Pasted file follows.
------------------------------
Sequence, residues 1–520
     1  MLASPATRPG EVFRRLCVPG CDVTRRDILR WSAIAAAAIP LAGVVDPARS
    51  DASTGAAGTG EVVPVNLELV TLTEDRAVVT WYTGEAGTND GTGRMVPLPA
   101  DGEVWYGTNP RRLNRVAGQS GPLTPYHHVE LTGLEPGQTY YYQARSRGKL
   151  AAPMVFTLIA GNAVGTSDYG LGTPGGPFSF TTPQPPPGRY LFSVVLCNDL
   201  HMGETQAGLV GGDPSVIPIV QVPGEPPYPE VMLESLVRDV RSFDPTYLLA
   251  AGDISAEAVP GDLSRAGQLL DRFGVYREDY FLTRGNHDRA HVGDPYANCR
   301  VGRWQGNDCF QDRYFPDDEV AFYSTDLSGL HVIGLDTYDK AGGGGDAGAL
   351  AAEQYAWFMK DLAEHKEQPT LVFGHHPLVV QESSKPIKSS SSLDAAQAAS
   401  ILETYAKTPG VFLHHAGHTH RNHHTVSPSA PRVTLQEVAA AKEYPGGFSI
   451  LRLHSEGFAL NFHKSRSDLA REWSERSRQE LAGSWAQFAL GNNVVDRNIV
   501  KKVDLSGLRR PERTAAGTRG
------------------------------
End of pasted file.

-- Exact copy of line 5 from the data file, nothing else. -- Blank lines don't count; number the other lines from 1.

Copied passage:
   151  AAPMVFTLIA GNAVGTSDYG LGTPGGPFSF TTPQPPPGRY LFSVVLCNDL